View west toward Los Lunas volcano from the summit of Tomé volcano. Los Lunas volcano is actually several separate volcanic eruption sites ranging from 3.5 to 1.2 Ma, the most recent eruptions forming the naturally half-sectioned scoria cone on the north end of the complex. The thick basaltic andesite lavs of the inetrmediate vent, dated at 2.5 Ma, form beautiful levees and a circular ponded mass on the east flanks. The basaltic andesite is similar to Tom´volcano, so there may be a genetic link. The Cat Hills volcanic field is on the horizon on the right. Photo by L. Crumpler.
Aerial view of Los Lunas volcano directed southeast. The outcrops on the near end are exposures of the near summit flank of a scoria cone naturally sectioned by landslip on the north flank of the complex. Note the very circular ponding of basaltic andesite flows on the volcano's east flank. I-25 is in the upper left of the image. Photo by L. Crumpler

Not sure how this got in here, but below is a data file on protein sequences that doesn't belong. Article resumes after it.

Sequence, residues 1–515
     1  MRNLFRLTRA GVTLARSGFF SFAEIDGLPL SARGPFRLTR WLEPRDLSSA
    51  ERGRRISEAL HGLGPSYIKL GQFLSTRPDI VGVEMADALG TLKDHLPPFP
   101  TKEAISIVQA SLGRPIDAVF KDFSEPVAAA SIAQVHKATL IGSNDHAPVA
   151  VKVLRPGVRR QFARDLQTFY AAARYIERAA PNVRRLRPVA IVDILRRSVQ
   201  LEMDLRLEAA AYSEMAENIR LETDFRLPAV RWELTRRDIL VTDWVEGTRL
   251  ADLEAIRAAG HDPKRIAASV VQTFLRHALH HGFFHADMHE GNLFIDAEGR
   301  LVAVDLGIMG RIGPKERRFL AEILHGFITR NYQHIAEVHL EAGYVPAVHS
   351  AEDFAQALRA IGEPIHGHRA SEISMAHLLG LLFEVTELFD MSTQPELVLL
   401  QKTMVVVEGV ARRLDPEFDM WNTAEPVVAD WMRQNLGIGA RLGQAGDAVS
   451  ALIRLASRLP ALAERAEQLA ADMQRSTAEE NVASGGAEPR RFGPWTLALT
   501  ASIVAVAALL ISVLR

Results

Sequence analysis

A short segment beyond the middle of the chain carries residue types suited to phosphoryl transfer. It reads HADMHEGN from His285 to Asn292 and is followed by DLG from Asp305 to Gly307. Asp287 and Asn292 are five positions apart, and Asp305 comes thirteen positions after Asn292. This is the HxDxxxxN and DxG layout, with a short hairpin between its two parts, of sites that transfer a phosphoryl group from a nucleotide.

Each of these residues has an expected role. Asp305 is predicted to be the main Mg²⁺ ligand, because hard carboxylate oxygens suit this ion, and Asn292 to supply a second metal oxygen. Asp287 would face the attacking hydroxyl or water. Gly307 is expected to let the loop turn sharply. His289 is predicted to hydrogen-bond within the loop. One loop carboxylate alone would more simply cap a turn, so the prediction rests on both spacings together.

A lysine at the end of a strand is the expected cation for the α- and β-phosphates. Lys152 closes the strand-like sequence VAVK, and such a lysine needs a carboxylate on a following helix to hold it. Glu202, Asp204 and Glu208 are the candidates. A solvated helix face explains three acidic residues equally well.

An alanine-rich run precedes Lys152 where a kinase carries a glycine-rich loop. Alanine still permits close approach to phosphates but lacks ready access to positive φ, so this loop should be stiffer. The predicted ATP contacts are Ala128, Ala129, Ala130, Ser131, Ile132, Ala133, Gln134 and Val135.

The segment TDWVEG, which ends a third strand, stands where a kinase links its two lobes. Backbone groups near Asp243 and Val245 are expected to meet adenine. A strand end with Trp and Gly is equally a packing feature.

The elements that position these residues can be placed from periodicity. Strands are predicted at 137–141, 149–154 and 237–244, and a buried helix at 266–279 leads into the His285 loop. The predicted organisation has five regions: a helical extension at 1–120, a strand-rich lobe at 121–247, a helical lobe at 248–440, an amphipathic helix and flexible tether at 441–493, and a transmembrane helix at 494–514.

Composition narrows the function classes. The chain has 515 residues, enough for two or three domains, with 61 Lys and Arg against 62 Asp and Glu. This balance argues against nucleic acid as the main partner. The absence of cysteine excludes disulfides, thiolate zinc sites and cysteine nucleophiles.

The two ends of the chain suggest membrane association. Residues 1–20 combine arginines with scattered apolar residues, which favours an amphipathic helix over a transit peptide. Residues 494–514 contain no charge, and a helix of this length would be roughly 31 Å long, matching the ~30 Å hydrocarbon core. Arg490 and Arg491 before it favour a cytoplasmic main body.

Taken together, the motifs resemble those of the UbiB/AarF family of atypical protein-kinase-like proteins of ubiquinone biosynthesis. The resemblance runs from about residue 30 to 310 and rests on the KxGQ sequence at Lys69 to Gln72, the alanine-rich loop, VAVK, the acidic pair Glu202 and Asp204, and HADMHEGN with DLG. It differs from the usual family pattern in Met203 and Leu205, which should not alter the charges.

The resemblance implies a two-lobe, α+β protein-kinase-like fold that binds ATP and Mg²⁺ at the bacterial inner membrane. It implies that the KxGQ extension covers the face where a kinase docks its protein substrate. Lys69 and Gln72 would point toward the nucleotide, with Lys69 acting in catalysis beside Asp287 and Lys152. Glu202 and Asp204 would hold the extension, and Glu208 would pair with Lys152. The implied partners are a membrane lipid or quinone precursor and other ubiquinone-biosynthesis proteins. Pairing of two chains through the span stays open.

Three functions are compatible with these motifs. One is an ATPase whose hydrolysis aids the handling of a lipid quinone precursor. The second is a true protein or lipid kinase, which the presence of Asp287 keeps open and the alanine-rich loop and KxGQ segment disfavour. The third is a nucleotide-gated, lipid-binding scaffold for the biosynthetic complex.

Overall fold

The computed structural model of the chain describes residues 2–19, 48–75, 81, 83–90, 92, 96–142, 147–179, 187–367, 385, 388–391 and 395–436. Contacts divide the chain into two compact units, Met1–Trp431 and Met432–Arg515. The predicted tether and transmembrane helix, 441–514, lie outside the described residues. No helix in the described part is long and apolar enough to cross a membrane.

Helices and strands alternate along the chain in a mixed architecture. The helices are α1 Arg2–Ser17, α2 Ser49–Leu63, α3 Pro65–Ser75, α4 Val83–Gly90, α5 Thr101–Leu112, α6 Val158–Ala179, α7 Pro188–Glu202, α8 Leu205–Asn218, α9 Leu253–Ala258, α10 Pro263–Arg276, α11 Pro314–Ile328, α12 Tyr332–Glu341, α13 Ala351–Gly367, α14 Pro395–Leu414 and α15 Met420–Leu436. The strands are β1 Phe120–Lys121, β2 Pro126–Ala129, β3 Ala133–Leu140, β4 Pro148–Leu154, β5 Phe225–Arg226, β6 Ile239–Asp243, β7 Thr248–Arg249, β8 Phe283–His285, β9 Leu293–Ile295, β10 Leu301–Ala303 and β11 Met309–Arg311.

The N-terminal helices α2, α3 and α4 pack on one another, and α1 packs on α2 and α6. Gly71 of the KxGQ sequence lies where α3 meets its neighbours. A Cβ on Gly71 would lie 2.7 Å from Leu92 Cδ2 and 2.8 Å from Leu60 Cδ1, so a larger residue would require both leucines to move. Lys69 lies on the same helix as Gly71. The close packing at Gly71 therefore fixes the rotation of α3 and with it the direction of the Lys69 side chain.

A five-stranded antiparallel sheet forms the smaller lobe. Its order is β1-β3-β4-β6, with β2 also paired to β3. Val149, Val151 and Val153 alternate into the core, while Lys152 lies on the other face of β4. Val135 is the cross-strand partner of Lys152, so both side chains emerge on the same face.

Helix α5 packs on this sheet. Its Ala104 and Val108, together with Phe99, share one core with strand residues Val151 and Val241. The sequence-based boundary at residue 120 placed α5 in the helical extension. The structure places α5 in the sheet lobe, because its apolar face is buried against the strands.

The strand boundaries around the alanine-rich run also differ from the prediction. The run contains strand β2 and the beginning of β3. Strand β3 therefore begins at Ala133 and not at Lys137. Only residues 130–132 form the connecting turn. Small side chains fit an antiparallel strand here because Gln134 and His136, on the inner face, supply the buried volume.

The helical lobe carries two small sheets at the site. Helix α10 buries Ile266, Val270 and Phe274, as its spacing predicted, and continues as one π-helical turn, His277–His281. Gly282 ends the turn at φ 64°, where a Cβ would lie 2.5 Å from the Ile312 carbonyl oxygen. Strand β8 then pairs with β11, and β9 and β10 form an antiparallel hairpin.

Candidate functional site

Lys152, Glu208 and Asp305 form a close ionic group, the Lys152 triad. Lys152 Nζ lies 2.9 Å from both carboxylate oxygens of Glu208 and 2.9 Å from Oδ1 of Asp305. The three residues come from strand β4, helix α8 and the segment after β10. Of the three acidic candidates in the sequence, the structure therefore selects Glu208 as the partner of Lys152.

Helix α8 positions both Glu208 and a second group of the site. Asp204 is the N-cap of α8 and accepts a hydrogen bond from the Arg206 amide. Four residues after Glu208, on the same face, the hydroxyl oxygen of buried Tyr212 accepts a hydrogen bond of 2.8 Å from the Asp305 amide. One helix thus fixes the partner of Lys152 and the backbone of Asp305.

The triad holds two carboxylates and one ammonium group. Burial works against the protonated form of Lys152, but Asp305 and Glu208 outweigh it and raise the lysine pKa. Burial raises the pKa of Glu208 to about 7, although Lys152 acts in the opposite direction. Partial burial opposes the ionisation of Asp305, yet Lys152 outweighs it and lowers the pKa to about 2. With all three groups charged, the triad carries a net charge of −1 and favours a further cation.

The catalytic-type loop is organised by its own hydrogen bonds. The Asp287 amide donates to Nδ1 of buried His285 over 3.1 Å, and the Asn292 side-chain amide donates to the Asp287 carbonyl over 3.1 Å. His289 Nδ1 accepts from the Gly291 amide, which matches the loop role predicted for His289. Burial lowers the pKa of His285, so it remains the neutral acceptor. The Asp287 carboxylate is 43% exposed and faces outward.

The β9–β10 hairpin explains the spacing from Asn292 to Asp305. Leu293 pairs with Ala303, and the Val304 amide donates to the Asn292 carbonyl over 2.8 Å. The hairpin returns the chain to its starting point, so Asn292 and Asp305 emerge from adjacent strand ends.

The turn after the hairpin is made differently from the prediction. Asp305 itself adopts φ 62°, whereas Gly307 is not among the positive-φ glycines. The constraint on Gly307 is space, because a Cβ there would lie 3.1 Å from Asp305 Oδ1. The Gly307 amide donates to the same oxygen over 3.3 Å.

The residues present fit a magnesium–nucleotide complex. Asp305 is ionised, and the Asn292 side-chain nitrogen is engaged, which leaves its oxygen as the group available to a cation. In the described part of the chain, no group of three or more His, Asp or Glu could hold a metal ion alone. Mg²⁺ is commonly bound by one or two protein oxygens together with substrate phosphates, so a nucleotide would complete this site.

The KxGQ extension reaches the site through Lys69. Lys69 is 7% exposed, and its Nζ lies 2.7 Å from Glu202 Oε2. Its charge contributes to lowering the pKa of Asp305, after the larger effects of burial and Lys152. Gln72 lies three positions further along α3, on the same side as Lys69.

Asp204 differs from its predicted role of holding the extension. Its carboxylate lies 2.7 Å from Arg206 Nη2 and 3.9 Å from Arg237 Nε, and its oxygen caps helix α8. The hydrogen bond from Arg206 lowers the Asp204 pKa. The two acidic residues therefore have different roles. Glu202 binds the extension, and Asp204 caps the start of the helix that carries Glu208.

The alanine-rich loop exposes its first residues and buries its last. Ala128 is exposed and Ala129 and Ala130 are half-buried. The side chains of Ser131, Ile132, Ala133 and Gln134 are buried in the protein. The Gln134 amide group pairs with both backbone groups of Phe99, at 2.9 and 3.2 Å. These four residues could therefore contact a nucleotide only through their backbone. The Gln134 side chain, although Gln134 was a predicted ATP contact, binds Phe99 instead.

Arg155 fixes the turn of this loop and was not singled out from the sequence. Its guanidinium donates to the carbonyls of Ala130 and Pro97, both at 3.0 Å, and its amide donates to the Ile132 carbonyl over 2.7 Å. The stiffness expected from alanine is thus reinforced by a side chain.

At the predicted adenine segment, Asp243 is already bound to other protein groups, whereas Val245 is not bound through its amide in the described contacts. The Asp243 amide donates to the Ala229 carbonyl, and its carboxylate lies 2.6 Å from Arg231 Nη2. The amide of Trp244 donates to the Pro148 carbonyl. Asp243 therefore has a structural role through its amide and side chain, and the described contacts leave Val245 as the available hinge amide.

Tomé volcano is a mass of basaltic andesite. Local scoria and inward-dipping foliations are interpreted to represent shallow to shurface expressions of a volcanic vent and associated thick andesitic lava flows. Tomé volcano is dated at 3.5 Ma. It is the site of an annual Easter Sunday pilgrimage and an historical named site along the El Camino Real de la Tierra Adentro.
Black Butte, located in the southern part of the Albuquerque-Belen basin of the Rio Grande rift is actually much older than it appears (24.3 Ma). It is probably a typical early rift basaltic andesite near-surface intrucive, or it could be a severely eroded surface flow. From a distance it appears to be a nice, young cinder cone, but up close it is clear that Black Butte consists entirely of dense basaltic abdesite outcrops. Photo by L. Crumpler
View Tome/Black Butte/Los Pinos in a larger map